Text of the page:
Rebecca Dickson, Reporter
On April 6, a 16-year-old Pierce College Puyallup student cut a 28-year-old student in the hand with a pocket knife during an attempted carjacking in the B parking lot on campus. This follows a string of car thefts on Pierce campuses.
The incident, which occurred around 4 p.m., started when the former student ran up to the 28-year-old female’s vehicle, demanding she get out of it. When she refused, she blocked the knife the 16-year-old held with her hand and received minor injuries.
“A student was driving out of our parking lot when a former, distraught student ran toward her and demanded her vehicle,” Brian Benedetti, director of marketing and communication, said in a staff email. “While trying to defend herself, he cut her hand with a knife. She got out of her car, and after the former student unsuccessfully tried to take the vehicle, he ran away.”
At this point, the suspect ran into the woods near campus after the incident near the Health Education Center. At this point, Campus Safety officers were notified and shortly after 3-4 police cars and undercover cars were found in the B lot.
When the Puyallup Police Department arrived on the scene, they requested a helicopter from King County and dispatched a K-9 unit to find the suspect. The suspect was found hiding under a log in the wooded areas near campus.
According to student text messages, students received notification of a lockdown a few minutes before the lockdown was over. While automatic doors were locked, some students claim that the College Center’s non-automatic doors were unlocked.
“I was scared, because we (had) stabbers running around freely, and it was terrifying,” student Khoa Nguyen said. “I don’t think (the security cameras) cover enough (of the grounds).”
According to Benedetti, there were security cameras in those parking lots.
“There are some security cameras in our parking lots already,” Benedetti said. “We actually caught the perpetrator on camera, which we submitted to police. I’m told that student government is meeting with the safety and facilities council with an initiative to ask for more cameras. We have been assessing the situation among ourselves and others, doing an after action review and developing an improvement plan.”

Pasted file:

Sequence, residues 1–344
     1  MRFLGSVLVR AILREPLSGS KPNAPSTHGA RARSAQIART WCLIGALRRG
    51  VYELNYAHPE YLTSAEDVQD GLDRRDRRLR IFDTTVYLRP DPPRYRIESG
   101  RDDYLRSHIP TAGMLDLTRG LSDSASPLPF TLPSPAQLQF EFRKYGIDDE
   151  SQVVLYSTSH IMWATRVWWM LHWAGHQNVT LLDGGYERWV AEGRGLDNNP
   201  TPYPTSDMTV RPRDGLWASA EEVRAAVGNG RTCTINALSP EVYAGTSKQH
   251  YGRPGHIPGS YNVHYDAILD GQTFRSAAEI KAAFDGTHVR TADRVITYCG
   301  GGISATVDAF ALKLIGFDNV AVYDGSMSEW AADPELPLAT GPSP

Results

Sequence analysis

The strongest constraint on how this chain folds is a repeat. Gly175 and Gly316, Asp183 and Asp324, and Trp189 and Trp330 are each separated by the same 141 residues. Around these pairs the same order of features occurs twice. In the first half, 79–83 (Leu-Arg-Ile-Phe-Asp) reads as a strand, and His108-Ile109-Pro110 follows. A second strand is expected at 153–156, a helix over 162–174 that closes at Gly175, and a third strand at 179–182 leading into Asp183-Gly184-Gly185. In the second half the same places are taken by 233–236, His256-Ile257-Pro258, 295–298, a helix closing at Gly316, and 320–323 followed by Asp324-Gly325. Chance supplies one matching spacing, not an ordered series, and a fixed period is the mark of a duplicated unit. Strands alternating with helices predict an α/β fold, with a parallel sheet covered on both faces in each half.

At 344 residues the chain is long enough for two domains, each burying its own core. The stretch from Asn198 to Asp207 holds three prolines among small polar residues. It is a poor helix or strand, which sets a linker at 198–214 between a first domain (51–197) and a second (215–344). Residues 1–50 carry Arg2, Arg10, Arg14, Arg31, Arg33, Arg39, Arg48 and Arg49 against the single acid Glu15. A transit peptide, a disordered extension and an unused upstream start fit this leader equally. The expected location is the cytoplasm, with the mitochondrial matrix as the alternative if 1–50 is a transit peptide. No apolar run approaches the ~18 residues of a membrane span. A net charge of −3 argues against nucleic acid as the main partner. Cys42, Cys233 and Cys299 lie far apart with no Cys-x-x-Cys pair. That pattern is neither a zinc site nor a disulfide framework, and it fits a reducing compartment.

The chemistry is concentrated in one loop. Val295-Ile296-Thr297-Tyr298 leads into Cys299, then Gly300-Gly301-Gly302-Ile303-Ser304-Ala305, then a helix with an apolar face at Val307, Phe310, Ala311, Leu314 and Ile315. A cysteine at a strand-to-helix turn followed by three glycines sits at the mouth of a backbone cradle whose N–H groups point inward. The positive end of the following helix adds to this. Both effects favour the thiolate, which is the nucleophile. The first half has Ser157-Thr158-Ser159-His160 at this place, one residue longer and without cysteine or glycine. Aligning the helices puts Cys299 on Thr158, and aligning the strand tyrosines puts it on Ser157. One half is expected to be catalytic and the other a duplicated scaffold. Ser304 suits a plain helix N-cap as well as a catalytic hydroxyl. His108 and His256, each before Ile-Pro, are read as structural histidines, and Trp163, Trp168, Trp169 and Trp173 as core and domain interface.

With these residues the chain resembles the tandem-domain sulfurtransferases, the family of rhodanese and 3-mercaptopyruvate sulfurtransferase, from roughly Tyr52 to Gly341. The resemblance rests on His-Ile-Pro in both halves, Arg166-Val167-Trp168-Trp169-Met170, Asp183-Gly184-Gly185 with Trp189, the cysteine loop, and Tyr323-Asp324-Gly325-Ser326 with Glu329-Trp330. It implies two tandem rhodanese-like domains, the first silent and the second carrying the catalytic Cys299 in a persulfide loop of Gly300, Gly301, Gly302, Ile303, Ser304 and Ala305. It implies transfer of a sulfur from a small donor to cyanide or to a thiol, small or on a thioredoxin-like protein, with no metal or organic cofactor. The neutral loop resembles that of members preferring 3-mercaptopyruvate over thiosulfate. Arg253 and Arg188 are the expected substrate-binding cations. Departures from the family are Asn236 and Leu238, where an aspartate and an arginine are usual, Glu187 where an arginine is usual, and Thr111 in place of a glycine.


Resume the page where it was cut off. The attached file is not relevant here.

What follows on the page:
As of 5:56 p.m. that evening, Benedetti said in an email that the situation was under control and that evening classes would be held.
According to the internal email, Benedetti said the teenager would be booked into Remann Hall, as he is accused of first-degree robbery and second-degree assault.
“The safety and well-being of our students and employees are our first priority and we are all extremely concerned when something like this happens,” Benedetti said. “We are still gathering information from the police department and debriefing about our own internal processes.”
Regardless, students are concerned about their own safety if a situation like this happened again.
“I mean, if the (time it takes to notify the campus) is close to an hour and a half, than (responses) need to happen more quickly,” Jaden Boatmen said.
While Pierce does have guides on their website on how to handle emergencies, there are no specific means for dealing with stabbings. However, there are procedures for dealing with active shooters and “crisis intervention” programs.
“If a weapon is involved, or if the behavior can potentially escalate to violence, or if it is deemed to be a life-threatening situation, call 9-911 immediately, and then contact Campus Safety,” the college website states. “If the person’s behavior you observe is concerning to you, but does not pose an immediate threat to themselves or others, notify Campus Safety and/or submit an anonymous report via online reporting or contact one of the resources listed (on the website)”.
Still, some students are concerned that this isn’t enough.
“(I would advise students to) go to the safest place you can think of,” Nguyen said. “We need more security people.”
The Puyallup Post is the award-winning student news of Pierce College Puyallup in Puyallup, Washington. Copyright The Puyallup Post 2017. Twitter/Instagram @puyalluppost
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